If you'd asked me what "dressing like a mum" looked like before I had a baby, using only pop culture and advertising as my visual aid, I might have suggested a pair of bootcut jeans with a colourful button-down, or a sensible pair of shoes.
If I'd searched stock image libraries for a picture of a "working mum", I definitely would have added in a briefcase.
Victoria Beckham has found her sartorial groove as a mother. Credit:AP
As journalist, and host of The High Low podcast, Pandora Sykes wrote of dressing "like a mum", "The subtext to the many missives I have received from brands since birth is that mums don’t wear super-sized earrings or silly shoes or daft blouses. Mums wear button-down shirts and wrap dresses and yoga pants, because they must be comfortable and breastily accessible – even, curiously, post-nursing – for the rest of their lives."
The insulting message is that once women become mothers they become both non-descript – the endless jersey boatnecks! – and uninterested in clothes, because they suddenly have no need for the things they might have cared about before children.
When I had a baby I realised several things: you can function on such an impressively small amount of sleep, having a baby really is like having a piece of your heart living outside of your body, and my love of clothes was definitely not going to disappear during a necessary period of wearing only activewear and maternity singlets.
Rather, it was lying in wait and recalibrating while I adjusted to my new routine and a new way of moving through the world (often with a pram).
Because just as, obviously, you can care about politics and fashion (and indeed fashion in politics can be a true power move: look at Nancy Pelosi and her burnt orange Max Mara coat and Michelle Obama’s personal style evolution post-White House, I mean, those glittering Balenciaga boots!), so too can mothers want to have fun with fashion and enjoy getting dressed.
To suggest otherwise is to discount the personal style of millions of mothers who dress to face the world. Perhaps, even, it's an attempt to contain mothers in a harmless, comfy-shoed category.
The thing is, dressing like a mum looks different for everybody.
Serena Williams' on-court outfits only got more badass after she had her daughter. Victoria Beckham found her sartorial groove post the Spice Girls and her (incredible) WAG years after having four children.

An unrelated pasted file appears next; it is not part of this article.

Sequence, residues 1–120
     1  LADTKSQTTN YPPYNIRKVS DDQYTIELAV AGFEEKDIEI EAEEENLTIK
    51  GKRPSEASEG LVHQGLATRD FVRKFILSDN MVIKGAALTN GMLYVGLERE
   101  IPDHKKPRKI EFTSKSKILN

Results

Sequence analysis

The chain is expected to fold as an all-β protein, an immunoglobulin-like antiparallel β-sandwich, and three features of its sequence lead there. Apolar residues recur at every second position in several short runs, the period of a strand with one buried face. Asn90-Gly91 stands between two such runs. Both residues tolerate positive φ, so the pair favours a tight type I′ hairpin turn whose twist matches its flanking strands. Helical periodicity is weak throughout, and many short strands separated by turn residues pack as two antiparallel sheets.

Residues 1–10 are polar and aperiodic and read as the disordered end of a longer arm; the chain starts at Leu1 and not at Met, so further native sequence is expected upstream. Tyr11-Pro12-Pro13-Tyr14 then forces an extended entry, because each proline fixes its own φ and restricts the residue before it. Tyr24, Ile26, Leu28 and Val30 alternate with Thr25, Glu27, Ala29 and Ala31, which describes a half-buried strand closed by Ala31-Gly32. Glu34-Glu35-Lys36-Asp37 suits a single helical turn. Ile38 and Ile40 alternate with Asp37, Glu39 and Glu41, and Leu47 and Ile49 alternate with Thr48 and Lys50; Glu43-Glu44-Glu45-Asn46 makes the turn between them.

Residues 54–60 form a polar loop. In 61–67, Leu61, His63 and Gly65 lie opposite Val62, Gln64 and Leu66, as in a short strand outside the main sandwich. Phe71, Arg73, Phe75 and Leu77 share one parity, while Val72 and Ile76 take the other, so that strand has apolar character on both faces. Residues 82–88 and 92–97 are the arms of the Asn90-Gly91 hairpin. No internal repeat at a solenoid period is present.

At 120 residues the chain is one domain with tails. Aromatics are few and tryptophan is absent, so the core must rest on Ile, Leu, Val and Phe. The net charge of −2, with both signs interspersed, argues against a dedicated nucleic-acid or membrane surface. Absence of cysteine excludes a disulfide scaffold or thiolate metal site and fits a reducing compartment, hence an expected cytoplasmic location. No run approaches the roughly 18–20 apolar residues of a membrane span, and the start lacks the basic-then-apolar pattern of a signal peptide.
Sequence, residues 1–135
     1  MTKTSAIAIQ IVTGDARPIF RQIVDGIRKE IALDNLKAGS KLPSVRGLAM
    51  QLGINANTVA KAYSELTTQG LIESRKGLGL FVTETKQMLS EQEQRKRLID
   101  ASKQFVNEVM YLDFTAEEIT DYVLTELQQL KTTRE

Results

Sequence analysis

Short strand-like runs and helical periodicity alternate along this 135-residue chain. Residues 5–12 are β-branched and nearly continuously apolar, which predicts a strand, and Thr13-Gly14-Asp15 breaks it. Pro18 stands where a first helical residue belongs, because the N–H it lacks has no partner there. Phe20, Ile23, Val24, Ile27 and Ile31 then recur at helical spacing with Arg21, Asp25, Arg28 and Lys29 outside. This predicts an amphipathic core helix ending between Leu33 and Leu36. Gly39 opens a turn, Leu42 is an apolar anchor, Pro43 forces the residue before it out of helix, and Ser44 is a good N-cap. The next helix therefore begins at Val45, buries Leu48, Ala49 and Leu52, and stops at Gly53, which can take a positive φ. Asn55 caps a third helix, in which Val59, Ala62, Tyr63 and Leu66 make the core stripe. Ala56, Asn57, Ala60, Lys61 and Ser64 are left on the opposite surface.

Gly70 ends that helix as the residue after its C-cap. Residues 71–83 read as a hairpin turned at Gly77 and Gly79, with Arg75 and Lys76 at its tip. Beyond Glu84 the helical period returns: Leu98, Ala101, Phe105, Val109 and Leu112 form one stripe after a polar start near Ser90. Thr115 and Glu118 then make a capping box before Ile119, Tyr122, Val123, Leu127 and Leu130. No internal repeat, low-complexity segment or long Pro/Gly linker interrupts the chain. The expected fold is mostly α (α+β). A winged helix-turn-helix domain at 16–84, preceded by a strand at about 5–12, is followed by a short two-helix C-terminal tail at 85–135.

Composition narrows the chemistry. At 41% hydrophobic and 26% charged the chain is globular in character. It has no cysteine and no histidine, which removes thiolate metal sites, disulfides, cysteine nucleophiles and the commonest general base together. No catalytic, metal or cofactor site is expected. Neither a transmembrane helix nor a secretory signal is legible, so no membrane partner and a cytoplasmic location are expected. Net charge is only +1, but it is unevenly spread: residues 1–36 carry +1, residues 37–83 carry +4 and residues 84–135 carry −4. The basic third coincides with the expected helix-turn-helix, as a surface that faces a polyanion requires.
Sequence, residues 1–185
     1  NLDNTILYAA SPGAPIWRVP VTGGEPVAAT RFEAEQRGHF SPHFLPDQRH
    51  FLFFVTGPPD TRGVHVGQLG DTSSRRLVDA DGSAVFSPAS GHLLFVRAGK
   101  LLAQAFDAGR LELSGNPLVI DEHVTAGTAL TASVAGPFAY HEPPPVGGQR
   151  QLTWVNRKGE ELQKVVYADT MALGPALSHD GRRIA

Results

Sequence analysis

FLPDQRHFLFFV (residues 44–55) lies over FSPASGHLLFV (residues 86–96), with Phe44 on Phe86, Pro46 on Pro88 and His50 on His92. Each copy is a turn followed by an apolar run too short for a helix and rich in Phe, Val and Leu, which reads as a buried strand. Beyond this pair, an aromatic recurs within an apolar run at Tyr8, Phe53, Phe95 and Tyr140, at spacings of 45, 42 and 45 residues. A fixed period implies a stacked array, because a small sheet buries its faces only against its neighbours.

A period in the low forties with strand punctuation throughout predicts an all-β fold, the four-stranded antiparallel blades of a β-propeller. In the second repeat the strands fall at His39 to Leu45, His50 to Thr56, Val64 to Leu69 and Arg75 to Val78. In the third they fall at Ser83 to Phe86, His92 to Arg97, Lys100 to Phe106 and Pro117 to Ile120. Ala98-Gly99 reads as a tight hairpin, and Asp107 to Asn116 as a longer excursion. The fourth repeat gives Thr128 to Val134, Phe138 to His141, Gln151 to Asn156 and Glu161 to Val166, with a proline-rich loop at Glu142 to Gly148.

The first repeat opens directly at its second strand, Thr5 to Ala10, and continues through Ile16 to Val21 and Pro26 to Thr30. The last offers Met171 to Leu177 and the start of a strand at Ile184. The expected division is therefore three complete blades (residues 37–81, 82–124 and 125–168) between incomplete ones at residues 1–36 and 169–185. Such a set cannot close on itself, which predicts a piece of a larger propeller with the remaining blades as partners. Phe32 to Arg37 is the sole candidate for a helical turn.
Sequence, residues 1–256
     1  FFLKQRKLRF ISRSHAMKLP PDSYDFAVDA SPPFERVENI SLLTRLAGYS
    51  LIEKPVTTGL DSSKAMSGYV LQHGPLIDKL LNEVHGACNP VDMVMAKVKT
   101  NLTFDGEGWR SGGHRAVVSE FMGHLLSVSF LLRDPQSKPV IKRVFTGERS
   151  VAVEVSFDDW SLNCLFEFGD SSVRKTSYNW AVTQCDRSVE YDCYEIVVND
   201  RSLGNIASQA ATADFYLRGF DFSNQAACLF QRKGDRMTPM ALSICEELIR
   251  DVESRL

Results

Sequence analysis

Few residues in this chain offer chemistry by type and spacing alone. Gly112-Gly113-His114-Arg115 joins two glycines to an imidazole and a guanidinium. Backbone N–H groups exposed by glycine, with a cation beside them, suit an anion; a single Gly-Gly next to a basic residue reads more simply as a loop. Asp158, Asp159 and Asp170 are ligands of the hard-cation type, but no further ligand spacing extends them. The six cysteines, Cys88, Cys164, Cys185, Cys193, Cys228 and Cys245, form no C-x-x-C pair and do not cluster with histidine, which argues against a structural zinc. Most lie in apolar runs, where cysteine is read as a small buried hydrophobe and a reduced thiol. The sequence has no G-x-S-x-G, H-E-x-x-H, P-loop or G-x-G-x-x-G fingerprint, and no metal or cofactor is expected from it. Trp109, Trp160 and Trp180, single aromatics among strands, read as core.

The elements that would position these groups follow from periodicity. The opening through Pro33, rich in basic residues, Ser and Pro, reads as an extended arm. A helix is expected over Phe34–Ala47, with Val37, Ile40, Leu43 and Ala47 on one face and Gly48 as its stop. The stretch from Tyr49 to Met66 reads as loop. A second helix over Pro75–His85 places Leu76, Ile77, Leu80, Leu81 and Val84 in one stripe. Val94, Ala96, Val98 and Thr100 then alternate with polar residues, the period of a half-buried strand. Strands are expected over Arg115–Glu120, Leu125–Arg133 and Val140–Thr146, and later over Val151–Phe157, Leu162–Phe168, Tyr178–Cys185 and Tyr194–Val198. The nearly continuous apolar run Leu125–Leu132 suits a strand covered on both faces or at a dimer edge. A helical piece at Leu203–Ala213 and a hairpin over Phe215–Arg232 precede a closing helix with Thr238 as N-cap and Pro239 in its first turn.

Mothers want to have fun with fashion and enjoy getting dressed.
Beckham, whose eponymous label just celebrated its tenth year, has ditched her high heels – despite once famously saying: "I just can't concentrate in flats" – and she's never looked so chic or, more importantly, like she's finally comfortable with who she is.
Becoming a mother might mean certain accomodations are made: for practicalities, or for a change in your day's rhythm or your body shape. And, yes, I do dress differently after having a baby.
For one thing, I wear more colour (perhaps as a foil for sleep deprivation and/or sticky fingers). But maybe also because I'm less afraid to experiment and less rigid about how I want to express myself. I'm many things, including a mother. I still want to feel, and look, like myself.
Returning to work has been another sartorial experiment. At first it was pure novelty to get dressed up for the office. I wore crisp white shirtdresses and towering heels and statement earrings. Motherhood has also reinforced my view that a well-cut blazer can make any old outfit look polished and the best outfits are worn with ease.
In the early days of my return to work people asked me where I was going after work, assuming a hot date or a fancy launch, and the answer was usually, "Nowhere."
But once the novelty of going into the office and drinking a coffee on my own terms wore off, what remained was the joy in dressing for myself: the self that is a mother, but also someone who still really, really likes entirely impractical shoes.
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